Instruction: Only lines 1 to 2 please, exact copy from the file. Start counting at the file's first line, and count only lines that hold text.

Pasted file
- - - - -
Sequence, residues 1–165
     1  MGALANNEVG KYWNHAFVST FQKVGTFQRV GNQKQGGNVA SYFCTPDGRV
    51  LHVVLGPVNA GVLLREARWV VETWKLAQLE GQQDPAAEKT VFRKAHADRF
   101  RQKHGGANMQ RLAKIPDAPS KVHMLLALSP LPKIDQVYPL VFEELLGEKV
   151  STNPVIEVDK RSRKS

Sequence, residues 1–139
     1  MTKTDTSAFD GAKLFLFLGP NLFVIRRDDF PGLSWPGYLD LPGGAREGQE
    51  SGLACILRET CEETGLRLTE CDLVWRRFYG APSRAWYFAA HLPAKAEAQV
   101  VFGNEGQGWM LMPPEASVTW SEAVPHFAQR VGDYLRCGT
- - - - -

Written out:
Sequence, residues 1–165
     1  MGALANNEVG KYWNHAFVST FQKVGTFQRV GNQKQGGNVA SYFCTPDGRV